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Vol. 74/No. 27      July 19, 2010

(front page)
New York: new divorce law,
domestic workers get rights
Contingent at demonstration organized by Domestic Workers United June 14, 2009, to demand labor rights for domestic workers in New York.

The New York State legislature in early July passed a bill that grants rights to domestic workers, becoming the first state nationwide to do so. In another victory for working people legislators also approved a no-fault divorce law.

The Domestic Workers’ Bill of Rights bill sets a workweek of 40 hours—44 in the case of live-in workers—with at least one day off each week. For overtime beyond the weekly limits, employers must pay time-and-a-half. Workers will get three paid days off yearly, after one year of employment.

In addition, domestic workers will be covered by laws against workplace sexual harassment. They will be entitled to temporary disability benefits and unemployment insurance.

“We take care of the sick. We take care of the elderly. We take care of their worldly goods,” Patricia Francois, 51, told the New York Times. She said she left her job as a nanny a year and a half ago because her employer beat her. This law “will mean that we will have protection, that the work we do will be recognized,” she added.

According to Domestic Workers United, there are about 200,000 domestic workers in New York City and as many as 60,000 to 70,000 statewide. Most are women and immigrants. The group said it found about one-third reported verbal or physical abuse by employers, and two-thirds said they never received overtime pay, reported Associated Press.

This bill is an attempt to “reverse 75 years of discrimination,” Priscilla Gonzalez, the group’s director, told the media. “Workers will have basic rights and protections that have been denied to them for so long.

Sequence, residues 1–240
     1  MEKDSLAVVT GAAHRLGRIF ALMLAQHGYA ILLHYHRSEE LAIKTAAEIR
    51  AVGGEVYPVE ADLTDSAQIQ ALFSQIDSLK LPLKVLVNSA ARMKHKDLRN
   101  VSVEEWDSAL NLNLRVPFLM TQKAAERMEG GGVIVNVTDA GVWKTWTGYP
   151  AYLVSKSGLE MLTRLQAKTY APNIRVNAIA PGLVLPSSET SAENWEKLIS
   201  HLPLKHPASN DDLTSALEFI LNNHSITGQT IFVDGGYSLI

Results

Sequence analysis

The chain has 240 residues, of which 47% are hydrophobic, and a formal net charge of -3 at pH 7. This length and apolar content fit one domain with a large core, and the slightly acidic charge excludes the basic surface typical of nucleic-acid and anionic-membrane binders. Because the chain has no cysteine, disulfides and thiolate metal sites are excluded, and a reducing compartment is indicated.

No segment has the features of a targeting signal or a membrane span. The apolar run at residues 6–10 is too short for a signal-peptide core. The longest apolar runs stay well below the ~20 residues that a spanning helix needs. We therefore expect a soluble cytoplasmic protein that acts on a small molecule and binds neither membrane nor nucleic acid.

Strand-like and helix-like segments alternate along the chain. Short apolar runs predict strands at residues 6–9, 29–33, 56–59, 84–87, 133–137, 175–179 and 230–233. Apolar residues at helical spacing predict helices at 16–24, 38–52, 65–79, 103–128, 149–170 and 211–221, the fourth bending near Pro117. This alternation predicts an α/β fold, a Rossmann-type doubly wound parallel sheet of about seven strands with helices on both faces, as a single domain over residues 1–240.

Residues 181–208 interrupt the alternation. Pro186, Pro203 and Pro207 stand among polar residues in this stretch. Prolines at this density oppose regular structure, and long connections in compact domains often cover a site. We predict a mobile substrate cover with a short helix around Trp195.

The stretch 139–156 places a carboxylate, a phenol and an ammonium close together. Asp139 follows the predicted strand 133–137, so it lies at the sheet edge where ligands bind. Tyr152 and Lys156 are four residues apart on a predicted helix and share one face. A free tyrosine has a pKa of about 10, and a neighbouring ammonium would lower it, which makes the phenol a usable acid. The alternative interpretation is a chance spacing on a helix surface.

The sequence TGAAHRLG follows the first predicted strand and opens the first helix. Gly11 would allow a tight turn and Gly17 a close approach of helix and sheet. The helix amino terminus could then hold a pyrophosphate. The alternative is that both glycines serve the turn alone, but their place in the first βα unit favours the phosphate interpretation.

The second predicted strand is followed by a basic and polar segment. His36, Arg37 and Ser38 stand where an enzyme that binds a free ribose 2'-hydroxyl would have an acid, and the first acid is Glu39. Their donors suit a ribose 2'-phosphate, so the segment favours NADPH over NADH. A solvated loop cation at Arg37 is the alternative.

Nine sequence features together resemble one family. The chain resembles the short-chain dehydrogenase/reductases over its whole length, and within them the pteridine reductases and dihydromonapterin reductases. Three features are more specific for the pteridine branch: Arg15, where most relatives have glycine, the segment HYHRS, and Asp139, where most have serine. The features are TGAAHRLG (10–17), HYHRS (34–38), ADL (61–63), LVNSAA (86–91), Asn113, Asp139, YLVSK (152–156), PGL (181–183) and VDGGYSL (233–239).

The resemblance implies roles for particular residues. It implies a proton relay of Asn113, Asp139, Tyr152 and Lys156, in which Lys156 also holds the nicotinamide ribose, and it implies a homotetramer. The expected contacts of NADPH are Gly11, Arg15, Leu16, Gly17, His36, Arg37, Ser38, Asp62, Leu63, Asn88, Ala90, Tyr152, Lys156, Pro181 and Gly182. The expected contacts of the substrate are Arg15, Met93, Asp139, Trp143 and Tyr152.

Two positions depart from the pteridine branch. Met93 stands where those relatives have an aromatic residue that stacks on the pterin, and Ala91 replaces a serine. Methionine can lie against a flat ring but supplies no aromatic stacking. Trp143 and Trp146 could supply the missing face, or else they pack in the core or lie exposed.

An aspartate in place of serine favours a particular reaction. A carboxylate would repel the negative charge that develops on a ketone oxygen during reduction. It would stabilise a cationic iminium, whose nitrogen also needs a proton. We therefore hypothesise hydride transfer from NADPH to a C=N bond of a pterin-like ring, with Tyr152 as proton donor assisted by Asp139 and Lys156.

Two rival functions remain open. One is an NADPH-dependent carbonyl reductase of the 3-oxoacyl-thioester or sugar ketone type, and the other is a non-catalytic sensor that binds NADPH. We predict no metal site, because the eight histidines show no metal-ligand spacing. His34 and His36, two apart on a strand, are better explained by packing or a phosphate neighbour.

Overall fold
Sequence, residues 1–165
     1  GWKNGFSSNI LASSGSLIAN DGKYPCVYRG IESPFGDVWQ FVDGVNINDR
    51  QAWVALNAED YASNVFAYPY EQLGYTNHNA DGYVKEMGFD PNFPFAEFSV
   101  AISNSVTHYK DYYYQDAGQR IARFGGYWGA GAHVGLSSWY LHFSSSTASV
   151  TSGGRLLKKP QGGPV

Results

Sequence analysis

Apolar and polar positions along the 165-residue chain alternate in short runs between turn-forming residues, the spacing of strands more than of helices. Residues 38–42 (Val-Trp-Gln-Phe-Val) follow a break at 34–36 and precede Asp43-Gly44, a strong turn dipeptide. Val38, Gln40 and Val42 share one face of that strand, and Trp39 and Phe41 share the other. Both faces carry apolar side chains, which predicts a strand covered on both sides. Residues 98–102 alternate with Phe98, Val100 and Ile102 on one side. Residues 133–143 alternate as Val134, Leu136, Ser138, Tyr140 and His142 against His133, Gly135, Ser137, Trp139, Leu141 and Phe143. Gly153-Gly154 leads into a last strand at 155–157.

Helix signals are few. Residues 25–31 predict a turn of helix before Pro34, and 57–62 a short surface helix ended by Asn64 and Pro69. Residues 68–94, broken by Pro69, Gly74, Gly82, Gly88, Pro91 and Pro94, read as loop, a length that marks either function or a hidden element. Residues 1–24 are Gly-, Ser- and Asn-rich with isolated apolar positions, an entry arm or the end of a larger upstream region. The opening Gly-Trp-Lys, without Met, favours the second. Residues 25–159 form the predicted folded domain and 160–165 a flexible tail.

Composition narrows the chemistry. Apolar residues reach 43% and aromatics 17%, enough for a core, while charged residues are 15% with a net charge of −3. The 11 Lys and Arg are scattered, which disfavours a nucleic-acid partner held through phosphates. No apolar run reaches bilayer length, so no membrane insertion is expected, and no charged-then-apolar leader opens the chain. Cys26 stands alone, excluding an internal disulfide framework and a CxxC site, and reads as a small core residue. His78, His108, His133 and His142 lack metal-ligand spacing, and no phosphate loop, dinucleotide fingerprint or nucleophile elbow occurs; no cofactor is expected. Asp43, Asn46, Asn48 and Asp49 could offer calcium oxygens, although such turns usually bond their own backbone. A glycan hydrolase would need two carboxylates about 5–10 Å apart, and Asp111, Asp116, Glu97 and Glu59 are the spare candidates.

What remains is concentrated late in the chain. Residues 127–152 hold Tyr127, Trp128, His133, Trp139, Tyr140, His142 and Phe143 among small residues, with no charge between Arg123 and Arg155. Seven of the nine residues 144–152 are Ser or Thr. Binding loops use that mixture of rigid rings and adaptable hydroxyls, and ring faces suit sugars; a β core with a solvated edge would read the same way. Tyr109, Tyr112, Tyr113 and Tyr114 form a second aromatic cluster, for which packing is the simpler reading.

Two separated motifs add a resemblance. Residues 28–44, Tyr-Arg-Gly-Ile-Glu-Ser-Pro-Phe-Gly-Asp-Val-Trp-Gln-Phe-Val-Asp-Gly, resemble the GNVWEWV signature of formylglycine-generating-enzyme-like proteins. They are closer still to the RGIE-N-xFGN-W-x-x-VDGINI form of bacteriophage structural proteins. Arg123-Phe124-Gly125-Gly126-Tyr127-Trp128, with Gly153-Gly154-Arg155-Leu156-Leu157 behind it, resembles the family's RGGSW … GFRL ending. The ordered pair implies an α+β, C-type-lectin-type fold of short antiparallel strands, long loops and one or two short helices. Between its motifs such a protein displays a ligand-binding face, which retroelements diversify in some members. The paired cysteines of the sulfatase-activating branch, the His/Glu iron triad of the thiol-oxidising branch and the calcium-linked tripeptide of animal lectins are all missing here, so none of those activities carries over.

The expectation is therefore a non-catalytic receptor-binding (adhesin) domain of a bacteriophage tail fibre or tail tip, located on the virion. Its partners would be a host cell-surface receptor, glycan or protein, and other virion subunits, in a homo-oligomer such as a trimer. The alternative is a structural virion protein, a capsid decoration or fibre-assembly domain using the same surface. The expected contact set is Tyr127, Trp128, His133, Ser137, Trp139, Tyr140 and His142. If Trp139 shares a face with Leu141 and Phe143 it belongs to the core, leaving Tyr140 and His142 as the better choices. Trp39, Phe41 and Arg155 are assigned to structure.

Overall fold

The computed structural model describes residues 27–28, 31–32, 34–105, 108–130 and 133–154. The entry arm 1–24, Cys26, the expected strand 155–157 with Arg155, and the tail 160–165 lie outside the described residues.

The legislation passed in the Assembly 89-38 and the Senate 35-26 after the bill’s sponsors agreed to drop provisions allowing domestic workers to sue employers who violated the law and requiring employers to give two weeks notice before firing workers. Gov. David Paterson said he would sign the legislation. Similar bills are being discussed by legislators in California and Colorado. One of the bill’s provisions would require the Department of Labor “to conduct a study by year’s end of the capacity for domestic workers to organize,” reported the Wall Street Journal, saying this “could mean a nannies’ union isn’t far off.”

The no-fault divorce bill, which the State Assembly overwhelmingly approved July 1 in a 113-19 vote and the State Senate passed two weeks earlier, would for the first time allow a couple in New York to dissolve their marriage by mutual consent without requiring one spouse to accuse the other of adultery, abandonment, or cruel and inhuman treatment.

A spouse will be able to unilaterally end a marriage by swearing under oath that the relationship has been broken for at least six months and cannot be repaired.

New York was the only one of the 50 states that still required proof of fault to obtain a divorce. Under the old law divorces could go through once one of the partners took the blame, or if a spouse were locked up for more than three years, or if both sides consented, they could get a divorce one year after signing a written separation agreement.

The new law will make it much easier for spouses who have been subjected to domestic violence to obtain divorces. Under the fault system they could spend years trying to get one.

The New York State Catholic Conference condemned the new bill, releasing a statement that asserted, “Increasingly society has come to view marriage as disposable and temporary.”
Related articles:
Medieval divorce law to go at last  
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